Is There Such a Thing as Permanent Spousal Support in California?
Posted in Spousal Support on December 16, 2020
Spousal support, also commonly known as alimony and spousal maintenance, is a financial award a judge may grant during a divorce or legal separation case in California if the lesser-earning spouse qualifies. Although the terms temporary and permanent spousal support exist in California law, permanent spousal support is somewhat of a misnomer. Permanent alimony typically does not last for life and can be modified in certain situations.
How Long Does Spousal Support Last in California?
Temporary vs. permanent spousal support refers to the date of the court order rather than the duration of the payments. Temporary spousal support is an award granted before the finalization of a divorce. The spouse with the lesser earning capacity of the two parties, can file a request for temporary spousal maintenance for support during divorce proceedings. A temporary support order will automatically end when a judge finalizes the divorce. At this point, a permanent special support order may or may not take effect. If a judge grants permanent spousal support, one payor spouse will have to pay to the supported spouse after a divorce for a certain amount of time. The other phrase for permanent spousal support is long-term support. Rather than helping the lesser-earning spouse pay for things during a divorce, permanent alimony supports the recipient after the divorce to ensure that he or she maintains the same standard of living enjoyed during the marriage. The length of time a permanent spousal support order will last depends on the case.
What Factors Are Taken Into Account When Outlining Spousal Support?
When making a spousal support determination, the courts in California will assess many different factors. The main question the courts will ask is if the spouse requesting this type of support has the ability to maintain his or her marital standard of living after the divorce. If the answer is no, with a supporting reason such as giving up his or her career to raise children, a judge will most likely grant a spousal support request. A judge will look at other factors, as well.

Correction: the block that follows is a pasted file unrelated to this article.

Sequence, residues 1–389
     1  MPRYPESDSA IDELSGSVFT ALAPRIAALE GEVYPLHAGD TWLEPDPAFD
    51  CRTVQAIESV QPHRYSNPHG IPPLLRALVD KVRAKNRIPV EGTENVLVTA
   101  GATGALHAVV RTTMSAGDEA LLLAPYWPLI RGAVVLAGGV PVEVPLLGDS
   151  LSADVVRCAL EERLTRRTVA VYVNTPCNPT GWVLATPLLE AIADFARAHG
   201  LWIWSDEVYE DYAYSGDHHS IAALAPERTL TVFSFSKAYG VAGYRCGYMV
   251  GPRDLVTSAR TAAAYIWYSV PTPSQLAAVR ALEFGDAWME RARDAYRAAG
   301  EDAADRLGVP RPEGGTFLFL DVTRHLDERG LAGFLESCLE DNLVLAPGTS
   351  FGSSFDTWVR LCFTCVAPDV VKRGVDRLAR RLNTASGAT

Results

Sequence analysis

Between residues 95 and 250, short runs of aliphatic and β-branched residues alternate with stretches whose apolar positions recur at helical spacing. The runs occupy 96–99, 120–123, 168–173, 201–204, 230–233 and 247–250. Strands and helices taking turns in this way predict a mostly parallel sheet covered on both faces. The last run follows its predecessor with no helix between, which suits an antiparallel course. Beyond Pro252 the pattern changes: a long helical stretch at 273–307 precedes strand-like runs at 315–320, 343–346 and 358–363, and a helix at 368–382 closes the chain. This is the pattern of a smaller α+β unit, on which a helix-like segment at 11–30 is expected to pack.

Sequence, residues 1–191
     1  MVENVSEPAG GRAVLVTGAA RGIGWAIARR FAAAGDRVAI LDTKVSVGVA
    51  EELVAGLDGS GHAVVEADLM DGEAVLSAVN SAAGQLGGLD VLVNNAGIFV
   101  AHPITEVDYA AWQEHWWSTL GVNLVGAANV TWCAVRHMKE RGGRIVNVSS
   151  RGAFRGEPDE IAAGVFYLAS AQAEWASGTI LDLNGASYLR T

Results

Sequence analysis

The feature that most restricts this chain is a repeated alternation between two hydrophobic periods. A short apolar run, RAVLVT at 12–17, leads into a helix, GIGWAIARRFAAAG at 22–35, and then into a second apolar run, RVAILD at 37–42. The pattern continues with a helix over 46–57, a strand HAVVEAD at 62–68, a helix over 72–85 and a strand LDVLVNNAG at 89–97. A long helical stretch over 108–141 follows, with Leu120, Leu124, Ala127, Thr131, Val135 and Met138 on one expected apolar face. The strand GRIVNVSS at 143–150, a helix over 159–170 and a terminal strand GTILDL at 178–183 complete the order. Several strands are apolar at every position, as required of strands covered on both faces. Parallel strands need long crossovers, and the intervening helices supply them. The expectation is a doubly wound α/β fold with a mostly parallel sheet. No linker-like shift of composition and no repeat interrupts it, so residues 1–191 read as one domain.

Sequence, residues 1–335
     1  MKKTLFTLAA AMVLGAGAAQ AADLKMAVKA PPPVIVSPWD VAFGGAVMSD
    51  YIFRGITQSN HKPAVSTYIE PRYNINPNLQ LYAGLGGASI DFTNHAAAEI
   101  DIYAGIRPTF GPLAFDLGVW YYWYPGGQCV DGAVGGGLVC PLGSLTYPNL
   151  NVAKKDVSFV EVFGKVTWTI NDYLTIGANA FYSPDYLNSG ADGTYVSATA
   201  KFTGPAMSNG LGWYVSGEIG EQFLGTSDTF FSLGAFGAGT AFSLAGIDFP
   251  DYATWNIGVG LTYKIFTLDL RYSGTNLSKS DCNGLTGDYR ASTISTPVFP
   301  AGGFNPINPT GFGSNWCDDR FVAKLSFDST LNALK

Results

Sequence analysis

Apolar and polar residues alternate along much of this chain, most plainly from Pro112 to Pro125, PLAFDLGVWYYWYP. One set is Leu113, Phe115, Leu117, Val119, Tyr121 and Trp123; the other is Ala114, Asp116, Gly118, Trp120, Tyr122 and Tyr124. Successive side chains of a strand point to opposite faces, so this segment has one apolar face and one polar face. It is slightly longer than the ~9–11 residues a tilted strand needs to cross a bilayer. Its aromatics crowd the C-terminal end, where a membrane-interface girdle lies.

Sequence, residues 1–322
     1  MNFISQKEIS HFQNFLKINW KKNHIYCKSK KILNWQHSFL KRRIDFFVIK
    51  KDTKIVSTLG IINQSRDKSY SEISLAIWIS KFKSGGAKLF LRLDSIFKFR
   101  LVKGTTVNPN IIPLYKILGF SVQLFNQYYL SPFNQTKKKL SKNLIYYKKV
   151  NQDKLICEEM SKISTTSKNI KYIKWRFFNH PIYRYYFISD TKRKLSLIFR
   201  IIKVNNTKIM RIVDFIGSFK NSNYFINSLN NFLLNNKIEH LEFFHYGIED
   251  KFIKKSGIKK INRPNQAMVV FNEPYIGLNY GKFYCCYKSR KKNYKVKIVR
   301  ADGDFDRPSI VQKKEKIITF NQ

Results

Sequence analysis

- Standard of living
- Length of the marriage
- The financial resources of each party
- Each party’s education and job experience
- Whether one spouse gave up a job to raise a family
- If the recipient has the capacity to get education and training for a job
- Individual contributions to the marriage
- Parenting responsibilities
- Relevant tax issues
- Fault for the divorce
The most common factor used to decide the duration of a spousal support order is the length of the marriage. If married for less than 10 years, a judge will typically award alimony for half the length of the marriage. If married for more than 10 years, a judge can decide. While it is possible for a judge in California to award alimony for long term periods, like a spouse’s lifetime, this is rare and only occurs in limited circumstances. An award with a set end date is more common.
How Much Will Permanent Spousal Support Cost on Average?
There is no hard and fast rule for determining the value of a spousal support award in California. A judge will determine this amount on a case-by-case basis. Courts will look at the marital standard of living as a guideline, as well as how much each spouse makes. Some people have to pay several hundred dollars in permanent spousal support, while others pay thousands to a supported party. For an idea of what you or your spouse may have to pay, contact a family law attorney. A spousal support order may end early if the receiving spouse remarries, gets a job or if there are other relevant changes in circumstances. It is also possible to alter a spousal support agreement if either spouse experiences a significant change in income from the date the order was made, such as the loss of a job. Learn more about spousal support in your divorce case by contacting a family lawyer.